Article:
Minnesota Department of Natural Resources Wildlife Research Manager Loui Cornicelli will be our guest on the KDHL AM Minnesota program Monday.

The program begins at 9:30AM and Cornicelli will be joining us by telephone to talk about Chronic Wasting Disease.

I grew up in Fillmore County where to date seven deer have been discovered with CWD and it's prompted the DNR to implement a herd culling plan in the area. This has been met with some concern from some of my hunting friends in the area.

I visited with one of my friends recently, who pointed out there are many states experiencing CWD in their deer and wondered if it was simply more prevalent because of the testing being conducted.

Chronic Wasting Disease is a contagious neurological disease affecting deer, elk and moose. It causes a a characteristic spongy degeneration of the brains of infected animals resulting in emaciation, abnormal behavior, loss of bodily functions and death.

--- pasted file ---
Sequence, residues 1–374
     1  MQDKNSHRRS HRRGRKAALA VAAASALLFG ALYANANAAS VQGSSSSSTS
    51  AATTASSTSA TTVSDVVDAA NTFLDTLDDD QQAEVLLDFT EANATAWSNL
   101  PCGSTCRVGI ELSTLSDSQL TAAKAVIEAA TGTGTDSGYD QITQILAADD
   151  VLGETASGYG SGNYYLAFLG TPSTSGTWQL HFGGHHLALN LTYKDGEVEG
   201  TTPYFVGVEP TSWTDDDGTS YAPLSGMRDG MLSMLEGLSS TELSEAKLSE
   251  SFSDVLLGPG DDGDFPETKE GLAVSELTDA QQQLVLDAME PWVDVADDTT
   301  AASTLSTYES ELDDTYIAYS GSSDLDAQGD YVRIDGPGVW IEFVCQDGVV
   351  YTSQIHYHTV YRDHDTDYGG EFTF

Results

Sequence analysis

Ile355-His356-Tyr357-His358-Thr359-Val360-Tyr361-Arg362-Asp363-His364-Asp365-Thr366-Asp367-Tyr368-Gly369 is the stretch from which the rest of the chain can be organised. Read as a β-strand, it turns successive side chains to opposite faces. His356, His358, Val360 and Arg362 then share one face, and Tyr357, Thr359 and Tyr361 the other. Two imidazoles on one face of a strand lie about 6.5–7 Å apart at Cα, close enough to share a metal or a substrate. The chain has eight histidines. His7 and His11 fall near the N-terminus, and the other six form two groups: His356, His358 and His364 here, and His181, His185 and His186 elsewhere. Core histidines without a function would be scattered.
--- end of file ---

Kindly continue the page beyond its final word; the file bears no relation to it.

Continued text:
Cases occur most commonly in adult animals, but also in yearlings.  The disease is progressive and always fatal. The most obvious and consistent clinical sign is weight loss over time.

CWD-affected animals continue to eat but consume less and less food and gradually lose their body condition. Excessive drinking and urination are common in the terminal stages.

Behavioral changes also occur in the majority of cases, including decreased interactions with other animals, listlessness, lowering of the head, blank facial expression and repetitive walking in set patterns.

A special deer hunt was recently conducted in the Fillmore County area.

You might recall a similar method to address CWD was made in the Oronoco and Pine Island area in 2011 when 800 deer were taken to address the discovery of a few infected deer in that area.

The origin of the disease is unknown. It was first recognized in captive mule deer in Colorado in the 1960s.

According to the CWD Alliance where most of this information comes from, computer modeling suggests it may have been present in free ranging populations of mule deer for more than four decades.

Cattle and other domestic livestock appear to be resistant. There have been no reported cases of natural transmission of CWD from infected elk or deer to domestic livestock. It also has not been reported to affect humans.

I hope you can tune in at 9:30AM and learn more about the Minnesota DNR efforts to eliminate CWD in southeastern Minnesota.

If you can't listen at 9:30AM, go to our YouTube channel and watch the program at your convenience.

Minnesota DNR CWD Map- courtesy of MN DNR
Minnesota DNR CWD Map- courtesy of MN DNR

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